About Me


(About me - in progress)

Cecilia Manguerra Brainard was born in 1947 after World War II in Cebu, Philippines, the fourth surviving child of Mariano Flores Manguerra and Concepcion Cuenco Manguerra. Her father, a civil engineer, came from Sta. Rosa, Laguna, in Luzon. Her mother, a successful business woman and realtor, belonged to a political family of Cebu.

Cecilia grew up in the port city of Cebu, a sock-shaped island in Central Philippines, a place that retains its Spanish-Colonial influences, and which inspired Cecilia to create her mythical setting called “Ubec” (Cebu backwards).  Her setting echoes the real Santo Nino Church, triangular Spanish fort, and old buildings and streets of the real Cebu. Many of her fictional characters have been inspired by people from Cebu. Her three novels -- When the Rainbow Goddess Wept, Magdalena, and The Newspaper Widow are set (even if partially) in Ubec. Likewise, Ubec appears in her three short story collections -- Woman in Horns and Other Stories, Acapulco at Sunset and Other Stories, and Vigan and Other Stories.

She attended St. Theresa’s College in Cebu and in Manila where she finished high school. She earned her BA in Communications Arts from Maryknoll College. She migrated to the United States to do graduate work in Film Making at UCLA. She did not, however, pursue her film studies ended because she discovered that movie making is an expensive medium, highly collaborative, and did not suit her more individualistic personality. She also married a former Peace Corps Volunteer to Leyte (Lauren R. Brainard), and for several years Cecilia focused her energies on taking care of her family (husband and three sons).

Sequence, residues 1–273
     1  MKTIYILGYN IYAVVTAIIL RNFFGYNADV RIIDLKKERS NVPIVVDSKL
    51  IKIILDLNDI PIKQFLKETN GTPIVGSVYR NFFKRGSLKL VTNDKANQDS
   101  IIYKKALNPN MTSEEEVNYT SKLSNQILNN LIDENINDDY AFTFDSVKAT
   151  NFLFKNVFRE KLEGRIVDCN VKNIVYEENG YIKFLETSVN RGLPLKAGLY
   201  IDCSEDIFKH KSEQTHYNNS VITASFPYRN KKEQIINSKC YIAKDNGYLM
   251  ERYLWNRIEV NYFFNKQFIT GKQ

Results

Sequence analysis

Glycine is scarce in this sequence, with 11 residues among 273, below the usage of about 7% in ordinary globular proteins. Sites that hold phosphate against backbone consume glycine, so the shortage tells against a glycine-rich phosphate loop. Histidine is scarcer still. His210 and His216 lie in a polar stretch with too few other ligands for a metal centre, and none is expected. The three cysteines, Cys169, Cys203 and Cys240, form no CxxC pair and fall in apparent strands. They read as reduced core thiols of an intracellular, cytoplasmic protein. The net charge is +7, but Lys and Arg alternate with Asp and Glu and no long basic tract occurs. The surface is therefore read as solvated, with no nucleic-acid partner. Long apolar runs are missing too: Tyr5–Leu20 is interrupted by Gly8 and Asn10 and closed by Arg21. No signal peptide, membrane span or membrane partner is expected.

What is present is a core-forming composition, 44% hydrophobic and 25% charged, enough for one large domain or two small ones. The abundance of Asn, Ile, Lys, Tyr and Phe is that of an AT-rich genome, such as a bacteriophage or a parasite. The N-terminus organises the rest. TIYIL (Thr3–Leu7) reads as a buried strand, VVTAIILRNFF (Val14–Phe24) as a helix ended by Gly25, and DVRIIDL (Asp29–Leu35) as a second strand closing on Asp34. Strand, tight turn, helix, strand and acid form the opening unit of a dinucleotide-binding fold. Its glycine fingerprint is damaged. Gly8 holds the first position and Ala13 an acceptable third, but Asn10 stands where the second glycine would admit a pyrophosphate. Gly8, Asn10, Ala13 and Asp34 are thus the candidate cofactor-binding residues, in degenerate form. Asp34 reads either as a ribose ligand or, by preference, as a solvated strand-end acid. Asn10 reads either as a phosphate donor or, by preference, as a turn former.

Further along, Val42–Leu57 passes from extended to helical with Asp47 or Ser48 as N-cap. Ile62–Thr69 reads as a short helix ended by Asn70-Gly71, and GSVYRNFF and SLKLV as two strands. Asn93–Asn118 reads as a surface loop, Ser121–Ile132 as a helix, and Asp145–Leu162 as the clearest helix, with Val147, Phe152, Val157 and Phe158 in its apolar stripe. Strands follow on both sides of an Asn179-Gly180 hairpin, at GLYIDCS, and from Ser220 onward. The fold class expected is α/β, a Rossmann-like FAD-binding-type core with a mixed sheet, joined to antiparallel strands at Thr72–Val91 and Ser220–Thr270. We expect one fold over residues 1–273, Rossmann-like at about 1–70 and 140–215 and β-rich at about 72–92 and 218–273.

When her husband noticed that Cecilia wrote in her journal almost every night, he gifted her with an IBM electric typewriter (then a new and expensive item) and Cecilia took her writing more seriously. She arranged to write a bi-monthly column with Philippine American News, personal essays, which she later compiled in a book called Philippine Woman in America. She also took writing classes at the Writers’ Program at UCLA Extension, where she learned the craft and business of creative writing. She started to write short stories and got them published.

A chance meeting with Filipino American writer Bienvenido N. Santos opened another door for her, when he introduced her to his Philippine publisher, Mrs. Gloria Rodriguez, who went on to publish several books by Cecilia Brainard -- collection of short stories (Woman with Horns and Other Stories), first novel (Song of Yvonne), collection of essays (Philippine Woman in America), and her first edited collection of short stories (Fiction by Filipinos in America).